Cities have inspired a dismal narration of decay and misfortune
From Petronius to Dickens and Zola, writers have seen the metropolis as a warren of corruption, poverty, violence, and disease. The very existence of cities seems to bring fear that the hubris of creating them will be punished by disaster and collapse.
- They evoke images of the swamp and the jungle.
- From their beginnings until the twentieth century, cities have been pestholes.
- In fact, only when towns became big cities did massive die-offs become a regular part of human life.
- When farmers and villagers started to crowd into cities, this immunologically virgin mass offered a feast to germs lurking in domesticated animals, wastes, filth, and scavengers.
- Countless people were sickened and killed by previously unknown epidemics: smallpox, measles, mumps, influenza, scarlet fever, typhus, bubonic plague, syphilis, gonorrhea, and the common cold.
- Many of these diseases attacked with a savagery they rarely show today, demoralizing entire societies.
- If we are to see why new epidemics are again striking an increasingly urbanized world, we must understand why plagues and cities have always developed together.
Farms and villages started to increase the incidents of death after the nomadic movements of humans
- For several million years, the main causes of nomadic human deaths were accidents and wounds.
- Permanent farms and villages made death by disease far more frequent.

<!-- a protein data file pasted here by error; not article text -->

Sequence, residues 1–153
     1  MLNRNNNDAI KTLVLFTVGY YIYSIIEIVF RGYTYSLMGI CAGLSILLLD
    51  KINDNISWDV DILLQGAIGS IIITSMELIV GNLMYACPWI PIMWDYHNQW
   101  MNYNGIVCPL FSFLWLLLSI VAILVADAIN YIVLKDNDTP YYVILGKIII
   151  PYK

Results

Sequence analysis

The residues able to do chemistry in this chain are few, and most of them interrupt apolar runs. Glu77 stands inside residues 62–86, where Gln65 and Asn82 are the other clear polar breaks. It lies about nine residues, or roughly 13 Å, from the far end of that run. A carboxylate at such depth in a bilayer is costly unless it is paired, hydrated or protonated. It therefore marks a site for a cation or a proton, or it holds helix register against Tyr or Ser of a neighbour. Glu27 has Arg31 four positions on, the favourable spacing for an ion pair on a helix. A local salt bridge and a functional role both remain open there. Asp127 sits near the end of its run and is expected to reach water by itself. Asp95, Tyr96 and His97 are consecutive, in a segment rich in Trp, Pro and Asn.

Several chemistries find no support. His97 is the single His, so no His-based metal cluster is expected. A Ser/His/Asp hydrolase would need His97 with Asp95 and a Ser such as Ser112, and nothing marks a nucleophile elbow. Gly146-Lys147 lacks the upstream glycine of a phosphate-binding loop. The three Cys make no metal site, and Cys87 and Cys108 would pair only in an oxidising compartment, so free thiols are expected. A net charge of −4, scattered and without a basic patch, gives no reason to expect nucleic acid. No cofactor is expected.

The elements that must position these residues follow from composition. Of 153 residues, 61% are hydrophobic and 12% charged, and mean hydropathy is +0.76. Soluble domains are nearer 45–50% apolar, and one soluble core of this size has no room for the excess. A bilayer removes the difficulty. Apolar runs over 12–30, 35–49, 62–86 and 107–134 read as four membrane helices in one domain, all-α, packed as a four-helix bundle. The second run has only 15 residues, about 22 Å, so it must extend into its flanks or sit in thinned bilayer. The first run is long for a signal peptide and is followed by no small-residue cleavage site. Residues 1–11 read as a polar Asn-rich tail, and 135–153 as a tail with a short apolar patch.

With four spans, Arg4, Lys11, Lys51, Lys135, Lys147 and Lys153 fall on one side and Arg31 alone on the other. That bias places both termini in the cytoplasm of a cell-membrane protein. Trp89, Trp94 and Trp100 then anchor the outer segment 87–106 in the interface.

- Then the population explosion of the Bronze age, 6,000 years ago, took city dwellers beyond a crucial threshold.
- Urban masses became sufficiently large and dense to support zymotics, or crowd diseases, what in other species are called herd diseases.
- For the first time, infection became humanity's chief cause of death.
- Despite a few respites, this would remain true in the West until this century.
- Infections are still the main killers in many poor nations, and they recurrently threaten the rich ones.
- The reason epedemics did not take hold until urban times is simply the conditions imposed by the grouping of numbers of people.
- While nomads were not free of infection, their most common diseases were chronic, not acute.
- Deadly epidemics remained relatively limited and infrequent for the same reasons they had been so among hunger-gatherers.
- People did not live densely packed together which facilitates the transmission of germs from one person to another.
- Their settlements were sufficiently far apart, and travel was sufficiently limited, to keep outbreaks of diseases localized.
Writers often speak of crowd diseases with the metaphor of fire and of human hosts as fuel
- If there is too little fuel or if it is too thinly scattered, the blaze sputters out.
- The image, though simplistic, is basically accurate.
- In epidemiologists' terms, a zymotic persists only if the population is dense enough to keep transmitting the germs and big enough to keep producing new susceptibles.
- Herd diseases jump from animals to humans and thrive only if the people form a superherd.
- Once cities hold several thousand people, they can support most present-day crowd diseases.
Unit about diseases and sickness at noso-, -nosis.